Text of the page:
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Two women having a conversation outside

Communication in the presence of hearing loss can be difficult—for both sides. For those with hearing loss, limited hearing can be stressful and draining, and for their conversation partners, the constant repeating can be just as taxing.

But the frustration can be alleviated provided that both parties assume responsibility for successful conversation. Since communication is a two-way process, the two parties should work collectively to beat the difficulties of hearing loss.

Listed below are some useful tips for effective communication.

Tips for those with hearing loss

If you suffer from hearing loss:

  • Strive for complete disclosure; don’t simply point out that you have difficulty hearing. Elaborate on the cause of your hearing loss and provide recommendations for the other person to best communicate with you.
  • Suggest to your communication partner things such as:
    • Maintain small distances in between us
    • Face to face communication is best
    • Get my attention before speaking to me
    • Speak slowly and clearly without yelling
  • Choose quiet places for conversations. Reduce background noise by shutting off music, locating a quiet table at a restaurant, or identifying a quiet room at home.
  • Keep a sense of humor. Our patients frequently have happy memories of absurd misunderstandings that they can now laugh about.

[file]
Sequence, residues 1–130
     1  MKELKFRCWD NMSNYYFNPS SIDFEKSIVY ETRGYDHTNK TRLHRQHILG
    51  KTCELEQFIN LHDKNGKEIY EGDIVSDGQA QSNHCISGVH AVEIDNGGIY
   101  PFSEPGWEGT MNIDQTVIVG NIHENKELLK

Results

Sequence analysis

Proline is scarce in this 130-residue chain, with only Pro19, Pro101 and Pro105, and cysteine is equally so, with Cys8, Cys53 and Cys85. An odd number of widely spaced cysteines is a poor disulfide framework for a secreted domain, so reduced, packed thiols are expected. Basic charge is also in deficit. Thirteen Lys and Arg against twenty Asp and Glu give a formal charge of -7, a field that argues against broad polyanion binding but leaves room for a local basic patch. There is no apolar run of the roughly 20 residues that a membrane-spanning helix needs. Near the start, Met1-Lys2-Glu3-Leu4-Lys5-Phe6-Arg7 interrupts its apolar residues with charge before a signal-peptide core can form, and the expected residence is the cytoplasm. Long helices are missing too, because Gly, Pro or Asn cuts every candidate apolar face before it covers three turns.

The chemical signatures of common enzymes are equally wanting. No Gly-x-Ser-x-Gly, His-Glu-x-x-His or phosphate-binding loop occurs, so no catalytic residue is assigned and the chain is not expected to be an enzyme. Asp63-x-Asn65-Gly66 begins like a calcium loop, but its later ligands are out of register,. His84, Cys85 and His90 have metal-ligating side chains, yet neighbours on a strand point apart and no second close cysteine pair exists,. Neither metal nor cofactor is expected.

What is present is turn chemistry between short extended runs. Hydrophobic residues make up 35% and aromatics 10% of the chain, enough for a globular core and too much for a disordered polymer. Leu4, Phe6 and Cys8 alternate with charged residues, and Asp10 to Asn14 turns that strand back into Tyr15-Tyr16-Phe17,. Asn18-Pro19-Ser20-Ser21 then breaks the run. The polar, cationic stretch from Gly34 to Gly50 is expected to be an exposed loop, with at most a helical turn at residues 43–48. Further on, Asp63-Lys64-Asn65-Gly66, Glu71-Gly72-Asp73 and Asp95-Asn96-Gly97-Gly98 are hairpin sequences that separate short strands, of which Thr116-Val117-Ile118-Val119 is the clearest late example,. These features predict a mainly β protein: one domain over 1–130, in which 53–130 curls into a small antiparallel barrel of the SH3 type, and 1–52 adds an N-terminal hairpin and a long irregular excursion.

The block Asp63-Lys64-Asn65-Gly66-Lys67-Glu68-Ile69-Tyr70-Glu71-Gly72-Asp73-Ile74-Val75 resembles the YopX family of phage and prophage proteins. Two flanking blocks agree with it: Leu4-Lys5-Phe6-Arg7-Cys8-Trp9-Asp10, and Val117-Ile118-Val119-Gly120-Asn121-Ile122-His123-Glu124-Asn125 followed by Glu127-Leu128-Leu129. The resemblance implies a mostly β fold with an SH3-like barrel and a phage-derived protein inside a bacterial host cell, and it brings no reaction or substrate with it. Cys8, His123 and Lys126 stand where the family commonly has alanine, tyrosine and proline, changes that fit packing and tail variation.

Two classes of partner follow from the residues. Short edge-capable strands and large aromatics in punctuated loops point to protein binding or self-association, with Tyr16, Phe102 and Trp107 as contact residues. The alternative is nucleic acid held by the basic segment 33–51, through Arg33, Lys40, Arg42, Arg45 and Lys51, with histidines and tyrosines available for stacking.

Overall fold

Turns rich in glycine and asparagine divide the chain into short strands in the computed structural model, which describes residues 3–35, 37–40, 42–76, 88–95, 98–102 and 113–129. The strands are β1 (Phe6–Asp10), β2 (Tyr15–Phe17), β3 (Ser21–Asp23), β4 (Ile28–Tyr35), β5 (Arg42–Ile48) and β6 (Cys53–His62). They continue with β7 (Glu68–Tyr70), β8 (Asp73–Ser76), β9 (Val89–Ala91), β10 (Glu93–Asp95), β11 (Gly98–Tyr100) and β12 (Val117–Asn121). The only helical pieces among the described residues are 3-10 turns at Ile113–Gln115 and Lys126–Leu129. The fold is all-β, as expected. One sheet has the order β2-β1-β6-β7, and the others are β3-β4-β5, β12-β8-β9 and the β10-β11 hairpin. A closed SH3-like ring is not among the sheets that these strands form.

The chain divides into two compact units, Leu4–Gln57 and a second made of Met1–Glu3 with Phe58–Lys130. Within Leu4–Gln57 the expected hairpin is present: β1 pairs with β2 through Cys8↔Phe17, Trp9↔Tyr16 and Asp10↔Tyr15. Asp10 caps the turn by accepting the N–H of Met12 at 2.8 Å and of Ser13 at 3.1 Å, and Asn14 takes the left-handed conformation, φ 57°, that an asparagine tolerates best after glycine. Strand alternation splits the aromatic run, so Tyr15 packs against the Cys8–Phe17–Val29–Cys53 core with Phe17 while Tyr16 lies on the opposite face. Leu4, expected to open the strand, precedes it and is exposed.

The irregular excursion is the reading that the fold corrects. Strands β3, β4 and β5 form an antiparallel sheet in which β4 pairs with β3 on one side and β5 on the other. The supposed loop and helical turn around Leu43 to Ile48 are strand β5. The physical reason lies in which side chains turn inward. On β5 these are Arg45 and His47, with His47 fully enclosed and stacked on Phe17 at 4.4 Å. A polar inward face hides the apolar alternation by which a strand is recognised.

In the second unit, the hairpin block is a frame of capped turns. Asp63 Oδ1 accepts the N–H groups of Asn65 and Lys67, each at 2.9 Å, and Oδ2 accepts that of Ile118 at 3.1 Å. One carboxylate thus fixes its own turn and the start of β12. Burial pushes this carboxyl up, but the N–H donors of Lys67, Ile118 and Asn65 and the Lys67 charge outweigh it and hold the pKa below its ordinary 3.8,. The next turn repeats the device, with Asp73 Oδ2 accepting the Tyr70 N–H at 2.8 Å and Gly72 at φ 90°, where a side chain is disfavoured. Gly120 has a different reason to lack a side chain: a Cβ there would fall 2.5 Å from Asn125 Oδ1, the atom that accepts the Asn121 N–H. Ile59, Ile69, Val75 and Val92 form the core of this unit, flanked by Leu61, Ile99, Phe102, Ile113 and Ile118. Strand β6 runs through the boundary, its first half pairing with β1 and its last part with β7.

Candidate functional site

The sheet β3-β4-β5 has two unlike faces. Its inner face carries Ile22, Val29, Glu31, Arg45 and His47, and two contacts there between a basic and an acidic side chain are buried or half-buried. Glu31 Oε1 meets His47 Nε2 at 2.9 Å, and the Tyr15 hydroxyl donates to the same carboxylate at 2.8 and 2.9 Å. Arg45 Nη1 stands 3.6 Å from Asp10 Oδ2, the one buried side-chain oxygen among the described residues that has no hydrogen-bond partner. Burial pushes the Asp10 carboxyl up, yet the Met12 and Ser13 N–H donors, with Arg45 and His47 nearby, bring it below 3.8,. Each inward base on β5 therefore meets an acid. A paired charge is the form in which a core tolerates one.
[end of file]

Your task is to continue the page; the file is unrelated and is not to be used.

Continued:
Keep in mind that people are usually empathetic, but only if you make an effort to explain your circumstances. If your communication partner is mindful of your challenges and preferences, they’re significantly less likely to become agitated when communication is disrupted.

Guidelines for those without hearing loss

If your communication partner has hearing loss:

  • Gain the person’s attention before speaking. Don’t shout from across the room and face the person when speaking.
  • Make sure the person can see your lips and enunciate your words carefully. Hold a consistent volume in your speech.
  • Limit background noise by finding quiet areas for discussions. Turn off the TV or radio.
  • In group settings, make sure only one person is speaking at any given time.
  • Remember that for those with hearing loss, it is a hearing problem, not an understanding problem. Be prepared to have to repeat yourself occasionally, and remember that this is not caused by a lack of intelligence on their part.
  • Never use the phrase “never mind.” This expression is dismissive and indicates that the person is not worth having to repeat what was important enough to say originally.

When communication fails, it’s convenient to blame the other person, but that’s the wrong approach.

As an example, consider John and Mary. John has hearing loss and Mary has normal hearing, and they are having considerable communication problems. John is convinced Mary is insensitive to his hearing loss and Mary believes John is using his hearing loss as a justification to be inattentive.

Instead, what if John found ways to develop his listening skills, and provided tips for Mary to communicate better? Simultaneously, what if Mary did the same and tried to find ways that she could communicate more clearly.

Now, both John and Mary are accepting responsibility for their own communication and are not blaming the other person for the difficulties. This is the only way to better communication.

Do you have any communication guidelines you’d like to add? Let us know in a comment.

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